Online shopping considerably increased this holiday season despite economic downturn, as record-setting discounts helped offset the negative impact of high inflation
Adobe Analytics released a report revealing that US consumers spent a record $211.7 billion online shopping between November 1 and December 31. The number shows a robust 3.5% increase from the same period of 2021, despite the rising living costs and high inflation.
Although the figures are not adjusted for inflation, Adobe stated that the growth was driven by increasing demand rather than higher prices. The study found that huge discounts contributed to consumers’ purchasing power, as online prices have been falling year-over-year since September.
The price reductions this year hit record levels. Thus, retailers sold toys down 34% from listed prices, compared to 19% discounts seen in the 2021 holiday season. Discounts in electronics sector hit 25%, compared to 8% in 2021. Significant discounts were also registered in computers (20%), apparel (19%), television (17%) and appliances (16%) segments.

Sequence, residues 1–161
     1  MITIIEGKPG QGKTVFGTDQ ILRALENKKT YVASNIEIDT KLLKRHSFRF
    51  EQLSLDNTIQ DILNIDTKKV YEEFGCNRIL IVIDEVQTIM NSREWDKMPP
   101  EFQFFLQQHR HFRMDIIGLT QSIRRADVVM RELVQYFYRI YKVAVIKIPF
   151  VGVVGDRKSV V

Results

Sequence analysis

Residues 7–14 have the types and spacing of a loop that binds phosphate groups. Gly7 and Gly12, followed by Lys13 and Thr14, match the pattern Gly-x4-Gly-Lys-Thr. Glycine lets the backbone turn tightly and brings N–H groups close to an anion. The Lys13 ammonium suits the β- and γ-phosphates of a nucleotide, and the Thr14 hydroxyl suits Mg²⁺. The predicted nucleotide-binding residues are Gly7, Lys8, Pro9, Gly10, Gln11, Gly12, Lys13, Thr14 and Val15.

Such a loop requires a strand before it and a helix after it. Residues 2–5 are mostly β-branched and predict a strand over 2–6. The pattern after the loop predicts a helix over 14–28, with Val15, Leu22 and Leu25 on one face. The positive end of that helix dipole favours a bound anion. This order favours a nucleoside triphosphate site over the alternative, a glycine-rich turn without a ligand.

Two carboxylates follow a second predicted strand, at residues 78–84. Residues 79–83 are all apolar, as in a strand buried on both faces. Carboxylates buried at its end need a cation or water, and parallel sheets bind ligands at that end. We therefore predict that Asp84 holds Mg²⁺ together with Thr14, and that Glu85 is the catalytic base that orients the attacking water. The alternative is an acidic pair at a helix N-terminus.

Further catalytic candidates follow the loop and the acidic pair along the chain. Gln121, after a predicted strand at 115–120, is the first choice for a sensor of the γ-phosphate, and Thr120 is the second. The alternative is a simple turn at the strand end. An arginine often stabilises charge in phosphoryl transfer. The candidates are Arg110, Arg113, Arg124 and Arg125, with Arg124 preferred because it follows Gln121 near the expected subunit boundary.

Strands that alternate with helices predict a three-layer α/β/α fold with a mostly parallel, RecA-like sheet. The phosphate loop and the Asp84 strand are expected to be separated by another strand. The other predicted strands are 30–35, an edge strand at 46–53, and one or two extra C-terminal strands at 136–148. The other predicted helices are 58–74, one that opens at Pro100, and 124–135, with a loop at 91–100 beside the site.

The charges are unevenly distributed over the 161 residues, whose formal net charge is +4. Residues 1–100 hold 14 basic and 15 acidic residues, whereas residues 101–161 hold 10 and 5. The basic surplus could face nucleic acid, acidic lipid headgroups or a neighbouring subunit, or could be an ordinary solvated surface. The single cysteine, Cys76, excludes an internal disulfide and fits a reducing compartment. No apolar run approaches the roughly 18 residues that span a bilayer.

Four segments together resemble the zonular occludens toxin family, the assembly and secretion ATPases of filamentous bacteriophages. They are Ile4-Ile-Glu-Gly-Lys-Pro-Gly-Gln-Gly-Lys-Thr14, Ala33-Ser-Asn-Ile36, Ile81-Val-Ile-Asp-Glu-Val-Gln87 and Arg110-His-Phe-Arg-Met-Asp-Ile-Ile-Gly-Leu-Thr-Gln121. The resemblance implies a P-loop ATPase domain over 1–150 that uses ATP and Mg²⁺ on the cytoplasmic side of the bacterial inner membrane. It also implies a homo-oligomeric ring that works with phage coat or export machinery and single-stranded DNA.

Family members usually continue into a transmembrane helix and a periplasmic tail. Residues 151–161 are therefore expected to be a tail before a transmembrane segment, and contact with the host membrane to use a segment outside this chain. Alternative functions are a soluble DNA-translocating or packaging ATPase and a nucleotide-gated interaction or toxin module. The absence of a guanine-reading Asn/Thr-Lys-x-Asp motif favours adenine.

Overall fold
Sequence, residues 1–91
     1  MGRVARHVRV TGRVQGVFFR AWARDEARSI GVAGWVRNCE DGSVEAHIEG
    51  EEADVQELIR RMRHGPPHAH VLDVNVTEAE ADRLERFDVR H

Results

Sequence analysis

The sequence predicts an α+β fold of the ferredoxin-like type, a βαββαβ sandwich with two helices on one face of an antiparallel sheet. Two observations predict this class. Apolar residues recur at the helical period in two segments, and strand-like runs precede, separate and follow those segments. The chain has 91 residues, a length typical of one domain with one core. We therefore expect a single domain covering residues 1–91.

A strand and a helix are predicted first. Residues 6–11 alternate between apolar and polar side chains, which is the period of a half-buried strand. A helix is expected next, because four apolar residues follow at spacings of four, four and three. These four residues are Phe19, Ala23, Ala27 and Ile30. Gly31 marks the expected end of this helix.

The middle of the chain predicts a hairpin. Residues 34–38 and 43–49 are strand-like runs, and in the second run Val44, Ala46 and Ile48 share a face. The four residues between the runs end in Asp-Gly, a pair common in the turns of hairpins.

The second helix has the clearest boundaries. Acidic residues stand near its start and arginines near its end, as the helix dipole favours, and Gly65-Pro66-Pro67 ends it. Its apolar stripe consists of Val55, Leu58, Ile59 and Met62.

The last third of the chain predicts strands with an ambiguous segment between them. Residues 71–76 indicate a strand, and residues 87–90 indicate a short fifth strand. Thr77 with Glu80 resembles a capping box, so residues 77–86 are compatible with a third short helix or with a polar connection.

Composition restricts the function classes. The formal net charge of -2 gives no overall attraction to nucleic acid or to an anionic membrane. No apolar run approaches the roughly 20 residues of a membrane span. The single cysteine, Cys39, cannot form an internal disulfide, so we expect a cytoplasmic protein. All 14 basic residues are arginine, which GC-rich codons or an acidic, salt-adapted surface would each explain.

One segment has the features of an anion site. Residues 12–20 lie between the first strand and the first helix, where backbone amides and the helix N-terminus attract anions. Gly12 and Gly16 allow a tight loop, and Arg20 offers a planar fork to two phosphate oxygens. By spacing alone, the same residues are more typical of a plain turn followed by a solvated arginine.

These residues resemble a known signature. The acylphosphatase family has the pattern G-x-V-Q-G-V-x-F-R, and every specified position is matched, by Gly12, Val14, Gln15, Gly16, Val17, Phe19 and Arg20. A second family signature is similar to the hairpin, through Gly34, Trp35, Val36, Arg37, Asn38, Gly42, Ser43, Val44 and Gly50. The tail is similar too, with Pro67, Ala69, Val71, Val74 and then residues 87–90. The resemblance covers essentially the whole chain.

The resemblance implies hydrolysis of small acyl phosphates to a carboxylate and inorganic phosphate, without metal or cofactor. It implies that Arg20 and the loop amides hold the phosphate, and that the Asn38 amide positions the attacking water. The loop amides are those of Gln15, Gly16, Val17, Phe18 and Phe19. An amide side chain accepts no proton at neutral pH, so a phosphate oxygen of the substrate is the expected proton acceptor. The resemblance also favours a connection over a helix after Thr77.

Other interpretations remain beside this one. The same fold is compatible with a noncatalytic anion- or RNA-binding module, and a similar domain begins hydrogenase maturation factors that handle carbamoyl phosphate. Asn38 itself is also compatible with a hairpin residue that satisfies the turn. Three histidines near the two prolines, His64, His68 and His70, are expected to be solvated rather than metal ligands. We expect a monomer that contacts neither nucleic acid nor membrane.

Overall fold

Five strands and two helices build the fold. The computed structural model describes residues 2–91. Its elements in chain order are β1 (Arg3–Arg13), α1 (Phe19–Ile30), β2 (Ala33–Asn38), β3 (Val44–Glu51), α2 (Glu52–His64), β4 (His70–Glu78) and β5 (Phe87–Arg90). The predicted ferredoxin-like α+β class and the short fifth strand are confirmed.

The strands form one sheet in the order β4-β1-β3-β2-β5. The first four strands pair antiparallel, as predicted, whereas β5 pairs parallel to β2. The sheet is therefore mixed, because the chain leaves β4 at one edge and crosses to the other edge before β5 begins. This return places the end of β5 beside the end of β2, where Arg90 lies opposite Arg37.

Record sale levels helped US consumers sustain discretionary spending, while they are still dealing with elevated prices for daily necessities e.g. food, gas, and rent.
Traditionally, online shopping demand spiked for toys, video games and apparel during this holiday season. Top sellers included Legos, Hot Wheels, Paw Patrols and LOL Surprise.
At the same time, Mastercard Spending Pulse found that US retail sales, excluding the automotive industry, increased 7.6% year-over-year in the peak shopping period from November 1 through December 24. However, the given figure is not adjusted for inflation, which rose 7.1% YoY in November.